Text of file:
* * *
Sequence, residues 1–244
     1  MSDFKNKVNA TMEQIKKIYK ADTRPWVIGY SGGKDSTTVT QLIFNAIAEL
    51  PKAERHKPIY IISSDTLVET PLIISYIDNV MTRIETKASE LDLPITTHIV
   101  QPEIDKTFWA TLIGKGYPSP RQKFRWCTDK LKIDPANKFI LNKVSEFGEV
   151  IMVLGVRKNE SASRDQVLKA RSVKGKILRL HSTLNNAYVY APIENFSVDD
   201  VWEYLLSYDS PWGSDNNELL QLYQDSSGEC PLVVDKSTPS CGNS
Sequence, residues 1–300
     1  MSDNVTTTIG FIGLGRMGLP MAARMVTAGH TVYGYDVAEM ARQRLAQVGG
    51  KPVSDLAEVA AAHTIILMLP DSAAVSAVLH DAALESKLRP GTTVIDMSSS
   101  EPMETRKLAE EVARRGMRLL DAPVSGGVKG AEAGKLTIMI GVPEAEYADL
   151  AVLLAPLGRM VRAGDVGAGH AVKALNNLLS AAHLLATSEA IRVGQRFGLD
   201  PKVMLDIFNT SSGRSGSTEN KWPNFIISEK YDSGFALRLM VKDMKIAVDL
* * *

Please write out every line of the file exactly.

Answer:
Sequence, residues 1–244
     1  MSDFKNKVNA TMEQIKKIYK ADTRPWVIGY SGGKDSTTVT QLIFNAIAEL
    51  PKAERHKPIY IISSDTLVET PLIISYIDNV MTRIETKASE LDLPITTHIV
   101  QPEIDKTFWA TLIGKGYPSP RQKFRWCTDK LKIDPANKFI LNKVSEFGEV
   151  IMVLGVRKNE SASRDQVLKA RSVKGKILRL HSTLNNAYVY APIENFSVDD
   201  VWEYLLSYDS PWGSDNNELL QLYQDSSGEC PLVVDKSTPS CGNS
Sequence, residues 1–300
     1  MSDNVTTTIG FIGLGRMGLP MAARMVTAGH TVYGYDVAEM ARQRLAQVGG
    51  KPVSDLAEVA AAHTIILMLP DSAAVSAVLH DAALESKLRP GTTVIDMSSS
   101  EPMETRKLAE EVARRGMRLL DAPVSGGVKG AEAGKLTIMI GVPEAEYADL
   151  AVLLAPLGRM VRAGDVGAGH AVKALNNLLS AAHLLATSEA IRVGQRFGLD
   201  PKVMLDIFNT SSGRSGSTEN KWPNFIISEK YDSGFALRLM VKDMKIAVDL